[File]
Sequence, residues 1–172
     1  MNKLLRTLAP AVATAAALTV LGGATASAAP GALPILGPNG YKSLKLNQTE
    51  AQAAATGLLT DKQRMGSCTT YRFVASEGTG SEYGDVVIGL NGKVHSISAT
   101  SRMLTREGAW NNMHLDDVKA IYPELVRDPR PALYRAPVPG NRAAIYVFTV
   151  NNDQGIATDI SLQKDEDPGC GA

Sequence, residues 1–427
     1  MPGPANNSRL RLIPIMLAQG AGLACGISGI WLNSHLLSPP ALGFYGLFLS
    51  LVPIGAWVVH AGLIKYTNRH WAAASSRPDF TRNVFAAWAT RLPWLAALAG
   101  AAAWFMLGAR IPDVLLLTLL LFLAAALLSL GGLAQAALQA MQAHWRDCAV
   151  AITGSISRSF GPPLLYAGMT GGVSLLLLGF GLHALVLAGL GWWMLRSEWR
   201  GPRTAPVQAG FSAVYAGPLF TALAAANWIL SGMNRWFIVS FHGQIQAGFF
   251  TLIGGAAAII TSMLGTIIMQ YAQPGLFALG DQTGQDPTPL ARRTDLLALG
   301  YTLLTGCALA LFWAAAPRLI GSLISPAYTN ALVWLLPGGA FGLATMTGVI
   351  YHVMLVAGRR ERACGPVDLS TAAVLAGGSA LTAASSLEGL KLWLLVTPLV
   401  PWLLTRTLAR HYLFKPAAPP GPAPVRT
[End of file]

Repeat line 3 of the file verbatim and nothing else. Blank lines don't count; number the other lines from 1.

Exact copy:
    51  AQAAATGLLT DKQRMGSCTT YRFVASEGTG SEYGDVVIGL NGKVHSISAT